Thursday, July 3, 2008

American Gothic (Sort of)

Before there was “romantic suspense” fiction, there was “gothic fiction” or “gothic romance.” The American Heritage Dictionary offers this definition: “Of or relating to a style of fiction that emphasizes the grotesque, mysterious, and desolate.” Think remote estates with resident ghosts, recalcitrant caretakers, and mysterious deaths or disappearances –usually involving the former lady of the manor. And of course a handsome, brooding man with secrets. Hero? Or Villain? Some of the most well known examples of this subgenre are Charlotte Bronte’s Jane Eyre and Daphne Du Maurier’s Rebecca. This category has been so popular for so long that even Jane Austen spoofed it in her classic Northanger Abbey. However, not all gothic romances were written in previous centuries, nor are they all set in England. American literature has its own gothic romance tradition spanning several centuries. The library’s summer paperback collection has a few good examples.

Historical literature fans will enjoy Dragonwyck by Anya Seton, set here in the Hudson Valley in the mid-nineteenth century. Dragonwyck is the home of Nicholas Van Ryn, who invites his distant cousin Miranda Wells to join his household. Miranda discovers that the magnificent gothic towers and beautiful gardens of Dragonwyck hold some terrible secrets as she gets drawn further into life at the estate.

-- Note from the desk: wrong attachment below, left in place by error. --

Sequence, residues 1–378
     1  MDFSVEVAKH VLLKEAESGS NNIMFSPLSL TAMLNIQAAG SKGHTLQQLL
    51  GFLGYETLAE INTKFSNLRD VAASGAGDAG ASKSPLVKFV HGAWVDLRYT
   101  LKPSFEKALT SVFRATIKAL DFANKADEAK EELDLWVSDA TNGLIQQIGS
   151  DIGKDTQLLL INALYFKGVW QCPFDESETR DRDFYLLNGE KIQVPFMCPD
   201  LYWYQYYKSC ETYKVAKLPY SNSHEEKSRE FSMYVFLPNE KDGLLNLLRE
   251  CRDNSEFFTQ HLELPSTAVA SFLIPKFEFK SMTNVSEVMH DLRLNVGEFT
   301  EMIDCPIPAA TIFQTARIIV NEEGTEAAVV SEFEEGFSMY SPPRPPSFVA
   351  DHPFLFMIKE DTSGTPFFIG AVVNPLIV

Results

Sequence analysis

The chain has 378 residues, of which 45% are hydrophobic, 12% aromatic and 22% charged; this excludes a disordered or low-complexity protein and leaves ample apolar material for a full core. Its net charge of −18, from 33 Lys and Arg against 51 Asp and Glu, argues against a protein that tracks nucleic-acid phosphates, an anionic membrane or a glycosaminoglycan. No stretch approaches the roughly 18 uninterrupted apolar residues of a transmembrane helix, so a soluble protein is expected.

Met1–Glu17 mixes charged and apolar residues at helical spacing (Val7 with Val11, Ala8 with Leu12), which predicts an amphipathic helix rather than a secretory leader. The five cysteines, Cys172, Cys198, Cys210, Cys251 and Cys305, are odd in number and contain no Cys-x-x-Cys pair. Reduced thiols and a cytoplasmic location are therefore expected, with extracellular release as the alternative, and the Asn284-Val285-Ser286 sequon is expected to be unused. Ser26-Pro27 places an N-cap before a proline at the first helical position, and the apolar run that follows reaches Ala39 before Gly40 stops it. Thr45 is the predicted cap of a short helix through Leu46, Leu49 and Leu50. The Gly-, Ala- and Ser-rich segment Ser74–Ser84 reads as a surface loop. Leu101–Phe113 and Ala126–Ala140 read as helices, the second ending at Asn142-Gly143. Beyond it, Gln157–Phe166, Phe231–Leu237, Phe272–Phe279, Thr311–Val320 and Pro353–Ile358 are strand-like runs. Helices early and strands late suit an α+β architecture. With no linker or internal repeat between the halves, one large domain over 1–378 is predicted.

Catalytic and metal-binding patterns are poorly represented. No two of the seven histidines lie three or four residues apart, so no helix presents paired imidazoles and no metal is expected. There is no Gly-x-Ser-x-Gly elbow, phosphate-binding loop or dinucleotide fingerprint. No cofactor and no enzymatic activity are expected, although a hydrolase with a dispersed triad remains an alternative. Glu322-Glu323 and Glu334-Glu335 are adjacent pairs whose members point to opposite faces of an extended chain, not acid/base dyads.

More contemporary versions of the gothic can be found in the work of Barbara Michaels. Though she is better known for her mysteries written under her other pen name, Elizabeth Peters, the books she published in the 1960’s and 1970’s follow the gothic tradition, but contain the kind of subversive humor and strong-willed heroine that has become the norm in current romantic suspense. Witch, House of Many Shadows, and Prince of Darkness contain all the lurking menace of tales set earlier times while updating the heroines and capitalizing on the burgeoning interest in the occult that occurred in a time when peace, love, and macrame were all the rage. Though these books are clearly rooted in a particular time and place, the stories and settings are still enjoyable and are an excellent diversion on a summer weekend – or a dark and stormy night....

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